Defendants' principal contention is that the statute deprives them of due process of law under the State and Federal constitutions. Voluminous testimony establishes beyond doubt that the furnishing of artificial dentures is intimately related to the general health of the patient, and that the mechanical work of making the denture is but a small part of the total undertaking, which always requires biological, physiological and pathological knowledge, and sometimes surgical skill. This relationship justifies legislative regulation of dentistry, including prosthetic dentistry, (Lasdon v. Hallihan, 377 Ill. 187,) and indeed the defendants concede in their reply brief that the legislature can regulate the activities of dental technicians.
It is argued, however, that although the general subject is within the legislative competence, the particular regulation is unreasonable, arbitrary and unrelated to concerns of public health. It is pointed out that under the act no qualifications are established for the laboratory technicians who make dental plates. Any person may do so, and the only qualification, it is said, is that the work must be done through the brokerage of a dentist. It is argued that the dentist is thus given what amounts to governmental control over the laboratory technician, which may be exercised arbitrarily since no standards are prescribed. The technician is afforded no protection; his success is dependent upon the favor of the dentist.
We emphasize at the outset that decision does not depend on our appraisal of the wisdom of the enactment, and that "it is for the legislature, not the courts, to balance the advantages and disadvantages of the new requirement." (Williamson v. Lee Optical of Oklahoma, Inc. 348 U.S. 483, 487.) That we might regard certain provisions as unnecessary is immaterial if they can be said to be reasonably related to a legitimate legislative concern.
The aim of the statute is to restrict the practice of dentistry to licensed dentists with the exception that extra-oral work on dental appliances may be done by nondentists who are engaged or employed by dentists to do it. To that end, dental technicians are prohibited to do work on dental appliances directly for the public. The evidence establishes that the knowledge and skill of the dentist is necessary in the diagnosis of the case, the taking of impressions, the issuance of instructions to the laboratory and the testing, fitting and adjustment of a prosthetic denture. It is argued, however, that the limit of legislative power is reached when the statute requires that the impression be made upon the order of a dentist who also fits the appliance into the oral cavity, and that the technician cannot be prohibited from selling the denture directly to the patient. This was the view taken by the trial court upon the motion to dismiss, and as has been stated, the plaintiffs have cross-appealed from those portions of the decree which reflect that ruling.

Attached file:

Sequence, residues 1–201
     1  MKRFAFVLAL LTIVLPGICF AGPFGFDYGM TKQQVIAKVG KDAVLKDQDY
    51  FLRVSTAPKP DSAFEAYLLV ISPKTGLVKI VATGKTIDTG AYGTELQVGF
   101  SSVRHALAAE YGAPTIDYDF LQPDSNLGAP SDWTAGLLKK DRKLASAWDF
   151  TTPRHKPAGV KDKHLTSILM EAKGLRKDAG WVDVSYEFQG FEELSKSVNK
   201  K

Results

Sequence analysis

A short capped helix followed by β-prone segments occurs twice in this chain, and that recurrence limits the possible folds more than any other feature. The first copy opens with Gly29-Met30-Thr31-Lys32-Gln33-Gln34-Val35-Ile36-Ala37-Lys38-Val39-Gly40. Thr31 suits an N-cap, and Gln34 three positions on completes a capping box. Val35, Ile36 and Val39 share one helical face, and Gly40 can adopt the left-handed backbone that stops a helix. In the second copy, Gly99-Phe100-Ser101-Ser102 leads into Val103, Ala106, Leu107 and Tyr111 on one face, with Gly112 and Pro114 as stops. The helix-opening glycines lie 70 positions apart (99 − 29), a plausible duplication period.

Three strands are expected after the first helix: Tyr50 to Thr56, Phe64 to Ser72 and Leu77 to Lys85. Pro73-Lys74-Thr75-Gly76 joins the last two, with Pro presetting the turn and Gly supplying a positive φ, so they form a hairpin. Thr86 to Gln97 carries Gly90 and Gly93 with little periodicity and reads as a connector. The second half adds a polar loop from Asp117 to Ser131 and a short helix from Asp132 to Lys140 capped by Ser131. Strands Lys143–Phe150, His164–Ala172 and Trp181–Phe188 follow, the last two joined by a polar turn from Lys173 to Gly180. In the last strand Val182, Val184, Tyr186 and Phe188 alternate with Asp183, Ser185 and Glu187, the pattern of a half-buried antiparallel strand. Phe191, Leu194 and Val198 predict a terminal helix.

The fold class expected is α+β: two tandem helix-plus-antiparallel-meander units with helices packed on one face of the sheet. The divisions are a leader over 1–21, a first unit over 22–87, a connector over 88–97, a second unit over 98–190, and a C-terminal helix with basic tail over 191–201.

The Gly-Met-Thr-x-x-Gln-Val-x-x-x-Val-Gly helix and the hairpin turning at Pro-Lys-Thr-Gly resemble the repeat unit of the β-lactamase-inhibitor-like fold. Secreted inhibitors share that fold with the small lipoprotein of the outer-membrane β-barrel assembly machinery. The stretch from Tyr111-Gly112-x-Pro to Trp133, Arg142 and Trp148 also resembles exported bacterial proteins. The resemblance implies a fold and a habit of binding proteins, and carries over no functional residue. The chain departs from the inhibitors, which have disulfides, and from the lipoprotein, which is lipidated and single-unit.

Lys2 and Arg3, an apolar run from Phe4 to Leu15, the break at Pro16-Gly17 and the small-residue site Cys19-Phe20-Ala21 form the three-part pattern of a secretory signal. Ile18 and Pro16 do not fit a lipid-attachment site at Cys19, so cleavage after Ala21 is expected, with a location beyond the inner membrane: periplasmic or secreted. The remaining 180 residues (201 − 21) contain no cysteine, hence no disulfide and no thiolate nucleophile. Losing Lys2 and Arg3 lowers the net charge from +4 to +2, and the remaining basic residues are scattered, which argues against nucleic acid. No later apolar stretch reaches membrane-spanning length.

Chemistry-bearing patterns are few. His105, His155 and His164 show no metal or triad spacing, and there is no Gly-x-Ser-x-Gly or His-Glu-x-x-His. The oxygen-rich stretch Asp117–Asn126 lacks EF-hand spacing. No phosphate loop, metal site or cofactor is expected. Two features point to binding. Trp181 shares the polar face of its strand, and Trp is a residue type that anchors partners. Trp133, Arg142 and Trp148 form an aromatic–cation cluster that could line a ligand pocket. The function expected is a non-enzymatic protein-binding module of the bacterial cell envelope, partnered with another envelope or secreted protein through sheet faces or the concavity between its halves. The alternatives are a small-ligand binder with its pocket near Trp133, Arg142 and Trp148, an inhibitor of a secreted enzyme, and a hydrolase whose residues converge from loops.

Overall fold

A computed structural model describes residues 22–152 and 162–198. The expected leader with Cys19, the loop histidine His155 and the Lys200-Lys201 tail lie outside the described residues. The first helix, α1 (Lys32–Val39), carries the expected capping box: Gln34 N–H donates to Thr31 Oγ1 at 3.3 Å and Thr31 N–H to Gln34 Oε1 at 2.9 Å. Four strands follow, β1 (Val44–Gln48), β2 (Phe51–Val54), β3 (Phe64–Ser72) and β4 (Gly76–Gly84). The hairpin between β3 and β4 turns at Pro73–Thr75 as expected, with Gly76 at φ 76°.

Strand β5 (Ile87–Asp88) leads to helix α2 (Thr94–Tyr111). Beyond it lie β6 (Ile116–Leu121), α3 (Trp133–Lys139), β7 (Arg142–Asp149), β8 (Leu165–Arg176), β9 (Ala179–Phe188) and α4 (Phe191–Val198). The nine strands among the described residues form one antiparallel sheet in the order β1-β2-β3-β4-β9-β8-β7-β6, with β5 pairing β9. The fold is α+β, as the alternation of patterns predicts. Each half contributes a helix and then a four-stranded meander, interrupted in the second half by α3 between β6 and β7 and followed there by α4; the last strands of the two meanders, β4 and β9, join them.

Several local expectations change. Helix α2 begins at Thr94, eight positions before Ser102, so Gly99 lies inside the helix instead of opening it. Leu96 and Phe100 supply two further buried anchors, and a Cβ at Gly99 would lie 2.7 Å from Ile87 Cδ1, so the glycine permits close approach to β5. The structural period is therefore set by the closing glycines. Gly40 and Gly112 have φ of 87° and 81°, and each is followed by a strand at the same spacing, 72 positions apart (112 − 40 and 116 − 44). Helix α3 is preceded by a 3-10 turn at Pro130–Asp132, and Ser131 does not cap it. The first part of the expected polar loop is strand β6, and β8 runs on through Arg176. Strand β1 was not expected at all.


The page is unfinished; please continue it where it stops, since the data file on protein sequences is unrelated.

In our opinion the power of the legislature is not exhausted when it has provided that there shall be professional supervision at the inception and the conclusion of what is essentially a single process. It may, if it sees fit, go further and insure that responsibility to the patient shall not be fragmented, and it may focus that responsibility upon a member of the profession which it regulates. By that means, compliance with the requirement that the dentist shall fit the appliance in place and make the necessary adjustments may be enhanced, protection against inferior workmanship and materials and exorbitant prices may be ensured, and the dentist can be certain that the work for his patients is done by those in whose integrity, competence and skill he has confidence.
Advertising by dentists is severely restricted. The record in this case shows that many of the defendant technicians have by persistent and blatant advertising sought to deal directly with the public, and that control of dental patronage has thus come into the hands of laboratory technicians who have directed it to such dentists as they saw fit. Prohibition of direct dealing between the makers of dentures and the public may thus be thought desirable to avoid the danger that the profession of dentistry may become "subservient to the business of those engaged in the making of plates." Lasdon v. Hallihan, 377 Ill. 187, 195.
Lasdon v. Hallihan is decisive of the central issue in this case and of some of the peripheral issues as well. The statute which was before the court in that case provided that dental plates might, "under certain specified conditions, be made by one who is not a licensed and registered dentist. Such conditions are (a) the impression from which the plate is to be made must be taken by a licensed dentist; (b) the person engaged in the making of such appliances shall not offer to sell them or the services rendered in the construction of them to the public and (c) the placing and adjustment of the plates in the oral cavity shall be performed by a licensed dentist." (377 Ill. at 190.) The statute was sustained against attack upon the constitutional grounds here urged.